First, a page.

Wednesday, August 17, 2016

A Conversation with Moonlight, or, What Goes on in My Head; Plus a bonus blog

So the Cardonian Chronicles continue, this time zeroing in more on Moonlight and her quest to put an end to Barnabas's villainous plans. Joining me today is the woman herself. The Baroness Tumero and her husband are also here, though not sure why since I didn't actually invite them. Anyway, let's get started. 

KL: Moonlight, it's a pleasure to have you here. I really admire the way you stepped up to help Cardonia.

M: Yeah, well, don't think we're friends or anything.

KL: Of course not. So, at the end of The Dream Traveler, you went running off after Barnabas, who had captured Ren and Becca, and was on his way to take over the Steeple Basin. You insisted the others stay behind, and only agreed to let Tilda join you because she said she knew the path that Barnabas was taking.

M: There was no sense in putting the others in danger. Tilda was the best choice, and she brought me straight to Barnabas as promised.

KL: Now, I don't want to give any spoilers, but I'm guessing things didn't go as smoothly as you hoped once you found him.

M: (gritting her teeth) Let's just say things got interesting.

KL: Meanwhile, you had no way of knowing what was happening in the Fortress Basin with Raven and the others.

M: No, casting messages back and forth was too risky, so I had to hope they were making progress in breaking through the Persuasion Barnabas had used on everyone.

Baroness: I beg your pardon? I never believed a word that man uttered. Now, the Baron on the other hand-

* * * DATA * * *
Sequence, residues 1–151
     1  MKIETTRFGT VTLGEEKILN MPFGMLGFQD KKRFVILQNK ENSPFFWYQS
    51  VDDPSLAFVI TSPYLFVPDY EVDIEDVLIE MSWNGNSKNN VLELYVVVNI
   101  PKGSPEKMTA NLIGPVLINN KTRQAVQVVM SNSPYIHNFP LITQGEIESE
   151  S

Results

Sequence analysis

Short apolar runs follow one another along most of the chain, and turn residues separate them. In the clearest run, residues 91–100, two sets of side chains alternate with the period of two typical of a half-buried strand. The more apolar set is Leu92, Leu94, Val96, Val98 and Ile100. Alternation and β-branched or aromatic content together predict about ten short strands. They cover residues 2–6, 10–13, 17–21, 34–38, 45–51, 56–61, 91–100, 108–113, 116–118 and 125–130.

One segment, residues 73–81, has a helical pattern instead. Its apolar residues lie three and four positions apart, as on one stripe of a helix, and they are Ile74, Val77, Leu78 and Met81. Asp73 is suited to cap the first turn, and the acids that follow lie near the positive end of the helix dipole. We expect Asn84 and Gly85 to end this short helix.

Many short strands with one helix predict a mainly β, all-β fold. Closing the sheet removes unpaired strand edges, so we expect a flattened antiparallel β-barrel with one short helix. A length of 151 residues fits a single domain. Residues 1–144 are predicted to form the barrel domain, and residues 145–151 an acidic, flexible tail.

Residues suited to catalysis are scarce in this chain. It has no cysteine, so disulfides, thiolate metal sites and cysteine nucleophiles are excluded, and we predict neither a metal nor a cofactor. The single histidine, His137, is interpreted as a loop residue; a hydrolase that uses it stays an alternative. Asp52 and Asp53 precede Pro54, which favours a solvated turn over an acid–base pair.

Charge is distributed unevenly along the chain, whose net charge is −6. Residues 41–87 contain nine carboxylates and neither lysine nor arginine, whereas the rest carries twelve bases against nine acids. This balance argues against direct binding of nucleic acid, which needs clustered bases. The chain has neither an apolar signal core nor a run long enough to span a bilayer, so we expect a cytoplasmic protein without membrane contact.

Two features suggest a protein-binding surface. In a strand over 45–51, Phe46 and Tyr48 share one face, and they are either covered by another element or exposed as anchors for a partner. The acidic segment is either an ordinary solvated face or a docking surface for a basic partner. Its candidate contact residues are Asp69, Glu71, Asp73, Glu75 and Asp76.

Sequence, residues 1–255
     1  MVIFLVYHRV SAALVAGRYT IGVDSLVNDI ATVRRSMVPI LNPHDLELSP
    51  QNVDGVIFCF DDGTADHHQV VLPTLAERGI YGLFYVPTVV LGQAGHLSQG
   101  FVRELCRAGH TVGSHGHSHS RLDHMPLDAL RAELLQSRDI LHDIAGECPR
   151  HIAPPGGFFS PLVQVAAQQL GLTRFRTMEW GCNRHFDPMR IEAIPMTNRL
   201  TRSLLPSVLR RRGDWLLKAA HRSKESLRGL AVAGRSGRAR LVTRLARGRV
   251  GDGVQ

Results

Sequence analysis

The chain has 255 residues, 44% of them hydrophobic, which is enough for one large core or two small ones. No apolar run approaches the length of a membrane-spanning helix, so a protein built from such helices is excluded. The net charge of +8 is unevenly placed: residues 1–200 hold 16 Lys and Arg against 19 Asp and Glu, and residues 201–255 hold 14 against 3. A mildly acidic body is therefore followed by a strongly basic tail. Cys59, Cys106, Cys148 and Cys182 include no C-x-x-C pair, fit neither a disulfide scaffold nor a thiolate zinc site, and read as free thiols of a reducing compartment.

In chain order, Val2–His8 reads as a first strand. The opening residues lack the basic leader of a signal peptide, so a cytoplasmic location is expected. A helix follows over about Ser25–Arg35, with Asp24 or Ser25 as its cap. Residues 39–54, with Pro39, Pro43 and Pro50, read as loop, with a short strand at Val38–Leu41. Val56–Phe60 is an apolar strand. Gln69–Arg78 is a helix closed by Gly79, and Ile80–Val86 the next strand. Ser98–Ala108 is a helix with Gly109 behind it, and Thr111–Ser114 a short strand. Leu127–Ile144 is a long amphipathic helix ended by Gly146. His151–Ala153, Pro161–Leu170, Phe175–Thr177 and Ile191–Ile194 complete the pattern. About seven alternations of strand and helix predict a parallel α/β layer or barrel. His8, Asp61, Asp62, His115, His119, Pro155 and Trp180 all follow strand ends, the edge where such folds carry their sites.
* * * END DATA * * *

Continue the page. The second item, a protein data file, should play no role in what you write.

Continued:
KL: Here, Baroness, have a glass of wine. Anyways, it seems that more than once, Moonlight, you had to choose between taking on dangerous tasks alone and allowing others to help you. Would you say you're more of a lone wolf?

M: I just don't want to be the cause of anyone getting hurt.

KL: I see, and- 

M: I have to be getting back now.

KL: Oh, but I just had a couple more questions.

M: I really don't have any more to say.

Baroness: Oh, aren't we guarded?

Baron: Quiet, Mirella.

Baroness: You there, can't you see my glass is empty?

KL: Sorry, your ladyship. Did anyone see Moonlight leave? I really wanted to get a selfie with her.

Baroness: These chocolates are quite good. We'll just take the box with us, and the wine.

KL: Sure, go ahead.

Baron: Best be going, Mirella.

Baroness: My hands were just starting to warm up. The fires in our sector are never hot enough. They're all smoke, and it always blows directly into my face. This is a lovely chair. Baron, this is the perfect chair for our shelter. We'll take it with us.

KL: Um, actually, I need that chair. Here, you can have this little blanket.

Baroness: Are those animal hairs on that blanket?

Baron: I'm leaving. Take the blanket and let's go.

KL: OK, well, safe journey back to Cardonia. Enjoy the chocolates. 

Thanks for joining us, everyone, and to find out more about the struggle to defeat Barnabas, pick up a copy of Moonlight Hunting, book two of the Cardonian Chronicles.